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December 9, 2015

Responding To: Reflections on the Future of Global Governance

Remarks on the Future of Global Governance

Ban Ki-moon

Excerpted from the Secretary-General's Remarks at IPI Forum on the Future of Global Governance, UN Headquarters, October 23, 2015

Global governance is not keeping pace with the challenges of a more complex and interconnected world. We need to tune all of our institutions to the times – times in which even the most local problems have a global dimension. A common narrative is emerging – one that recognizes that failure to more effectively prevent and address interconnected problems such as conflict or inequality or climate stress will have severe and costly consequences across all dimensions of our work. The various UN reviews and initiatives recognize we cannot continue to address problems in separate, unrelated silos.

Our shared goal is to ensure that the United Nations and its partners are “fit for purpose” to deliver on ambitious commitments. With that understanding, allow me to briefly highlight four common themes emerging from the various reviews.

First, we need greater focus on prevention and resilience. The work of the United Nations is animated by our Charter commitment to “save succeeding generations from the scourge of war.” Yet if budget priorities were a Christmas stocking, prevention efforts would receive a lump of coal. They are chronically underfunded. They are routinely under-prioritized. The Sustainable Development Agenda calls on us to take a people-centred, planet-friendly approach. It promises we will leave no one behind. This will not happen by solely fighting fires, when evidence shows that they could have been prevented had we acted and invested early. That is why we must do much better in addressing the root causes of vulnerability, conflict and disaster. We must do more to anticipate crises. We must act to strengthen people’s ability to cope, adapt and recover from complex shocks. Weak institutions. Inequality. Human rights abuses. These are among the drivers of conflict – and that understanding is the impetus behind my Human Rights Up Front initiative. Early warning signs must trigger early action.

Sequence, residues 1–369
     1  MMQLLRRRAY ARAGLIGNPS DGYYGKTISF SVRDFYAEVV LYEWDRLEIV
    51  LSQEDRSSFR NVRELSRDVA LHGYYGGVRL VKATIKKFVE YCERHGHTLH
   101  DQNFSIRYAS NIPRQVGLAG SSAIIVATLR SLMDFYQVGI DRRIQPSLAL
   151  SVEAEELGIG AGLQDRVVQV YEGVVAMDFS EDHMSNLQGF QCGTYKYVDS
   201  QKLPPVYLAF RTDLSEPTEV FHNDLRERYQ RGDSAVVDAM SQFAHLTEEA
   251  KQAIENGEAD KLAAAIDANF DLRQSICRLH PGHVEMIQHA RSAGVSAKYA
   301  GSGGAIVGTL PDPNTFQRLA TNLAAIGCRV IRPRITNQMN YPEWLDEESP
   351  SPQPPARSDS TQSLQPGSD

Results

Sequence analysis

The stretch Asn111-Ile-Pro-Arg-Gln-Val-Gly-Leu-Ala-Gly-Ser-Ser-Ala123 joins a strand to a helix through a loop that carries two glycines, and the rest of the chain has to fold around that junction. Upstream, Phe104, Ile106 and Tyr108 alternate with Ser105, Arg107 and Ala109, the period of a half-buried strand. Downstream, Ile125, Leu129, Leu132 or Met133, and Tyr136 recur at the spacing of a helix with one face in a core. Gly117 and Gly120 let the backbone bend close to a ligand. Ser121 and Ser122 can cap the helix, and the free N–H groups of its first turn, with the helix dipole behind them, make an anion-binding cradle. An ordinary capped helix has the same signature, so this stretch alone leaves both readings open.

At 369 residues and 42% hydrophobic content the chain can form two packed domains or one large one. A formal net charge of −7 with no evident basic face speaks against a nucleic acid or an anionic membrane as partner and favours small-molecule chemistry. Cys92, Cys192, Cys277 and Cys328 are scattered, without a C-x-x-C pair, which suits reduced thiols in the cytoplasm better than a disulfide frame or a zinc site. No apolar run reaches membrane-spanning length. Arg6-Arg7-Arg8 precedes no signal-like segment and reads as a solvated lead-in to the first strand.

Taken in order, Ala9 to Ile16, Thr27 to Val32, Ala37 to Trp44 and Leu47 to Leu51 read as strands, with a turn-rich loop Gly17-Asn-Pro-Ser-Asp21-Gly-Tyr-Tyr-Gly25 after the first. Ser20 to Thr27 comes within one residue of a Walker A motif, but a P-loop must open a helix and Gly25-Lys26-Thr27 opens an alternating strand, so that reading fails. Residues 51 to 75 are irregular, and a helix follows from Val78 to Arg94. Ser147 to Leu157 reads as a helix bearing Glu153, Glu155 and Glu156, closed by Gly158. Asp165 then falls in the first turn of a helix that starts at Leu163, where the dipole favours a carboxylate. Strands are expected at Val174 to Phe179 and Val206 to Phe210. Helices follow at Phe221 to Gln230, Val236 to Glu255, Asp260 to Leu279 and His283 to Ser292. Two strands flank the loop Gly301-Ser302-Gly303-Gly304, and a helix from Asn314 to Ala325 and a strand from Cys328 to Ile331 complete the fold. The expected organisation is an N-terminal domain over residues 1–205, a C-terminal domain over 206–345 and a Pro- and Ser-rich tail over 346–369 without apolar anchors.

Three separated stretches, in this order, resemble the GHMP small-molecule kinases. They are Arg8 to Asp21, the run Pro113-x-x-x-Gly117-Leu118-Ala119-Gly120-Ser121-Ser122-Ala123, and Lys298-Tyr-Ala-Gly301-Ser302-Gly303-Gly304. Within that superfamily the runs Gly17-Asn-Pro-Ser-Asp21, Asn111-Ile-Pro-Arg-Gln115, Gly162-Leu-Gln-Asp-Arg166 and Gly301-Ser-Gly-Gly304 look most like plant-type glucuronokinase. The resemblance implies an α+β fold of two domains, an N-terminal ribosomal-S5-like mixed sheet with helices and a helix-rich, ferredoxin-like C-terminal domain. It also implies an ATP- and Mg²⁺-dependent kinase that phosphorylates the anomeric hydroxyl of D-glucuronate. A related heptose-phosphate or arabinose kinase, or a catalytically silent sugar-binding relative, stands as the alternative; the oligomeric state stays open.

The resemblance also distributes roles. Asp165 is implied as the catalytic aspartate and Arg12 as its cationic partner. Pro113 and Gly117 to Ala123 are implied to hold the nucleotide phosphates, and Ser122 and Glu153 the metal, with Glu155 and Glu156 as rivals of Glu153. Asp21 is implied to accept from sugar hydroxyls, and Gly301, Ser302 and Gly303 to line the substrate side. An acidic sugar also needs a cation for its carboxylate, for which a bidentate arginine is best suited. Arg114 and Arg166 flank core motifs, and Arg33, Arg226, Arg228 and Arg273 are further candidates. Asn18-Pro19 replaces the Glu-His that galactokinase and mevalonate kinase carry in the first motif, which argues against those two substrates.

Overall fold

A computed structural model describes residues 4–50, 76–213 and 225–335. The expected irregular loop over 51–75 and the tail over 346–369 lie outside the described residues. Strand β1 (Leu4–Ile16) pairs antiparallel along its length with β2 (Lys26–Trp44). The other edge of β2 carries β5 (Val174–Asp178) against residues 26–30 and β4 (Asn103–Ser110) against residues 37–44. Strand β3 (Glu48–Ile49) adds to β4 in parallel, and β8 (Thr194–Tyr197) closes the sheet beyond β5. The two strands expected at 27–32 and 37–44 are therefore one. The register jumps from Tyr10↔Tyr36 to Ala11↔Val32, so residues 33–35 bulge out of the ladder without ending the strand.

A second major area of convergence among the reviews is the need to strengthen partnerships. No organization or country can do it alone. The various reviews uniformly recognize that implementing ambitious goals cannot be done by the UN system alone. Or by Member States alone. Achieving a peaceful, sustainable future is a collective effort, starting now. We need to strengthen and expand current partnerships. And we need to reach out and build new ones to enhance delivery based on cost-effectiveness, comparative advantages and respect for national priorities. We are widening the circle of partnership with civil society, academia, the private sector. I am committed to deepen our interaction with regional organizations such as the African Union. This is paying dividends in conflict prevention; preventive diplomacy, peacekeeping and peacebuilding and much more. The various reviews call for all of these ties to be strengthened – and that is what we must do.

Third, financing. The reviews all acknowledge the importance of getting the financing right. Achieving the SDGs will require major investments. We are working to ensure $100 billion a year by 2020 for climate change mitigation and adaptation. Our humanitarian appeals are at record levels. And we have more peacekeepers than ever deployed around the world. Many of the reviews call for more resources, improved flexibility in the use of funds, the creation of different funding facilities, and a greater share of public and private funding to meet shortfalls. For the UN, the need is for better interconnection and sequencing of financing requests. We know investments in climate change, for example, will reduce the risk of instability and future funding needs for peacekeeping, peacebuilding and humanitarian support. Investments in conflict prevention and peacebuilding will increase stability and lower peacekeeping and humanitarian costs. We must take advantage of these resource synergies.

Fourth and fundamentally, the reviews highlight the critical need for greater participation of women and girls. Excluding women from employment opportunities hinders sustainable development and economic growth. Excluding women from peace processes hinders peace. Excluding girls from schools holds societies back. We need an all-of-society-approach that fully and equally incorporates the contributions of women in every aspect of our work. The reviews rightly prioritize gender mainstreaming and the role of women as central to success. I have highlighted women’s leadership in making, building and keeping peace. I have appointed five women who are now serving as my Special Representatives in peacekeeping missions. I have also appointed the first-ever female Force Commander. Some might call that a major achievement. I call it a good start. All of us must step up our efforts for women’s empowerment to achieve Planet 50/50.

Ban Ki-moon is the eighth secretary-general of the United Nations.

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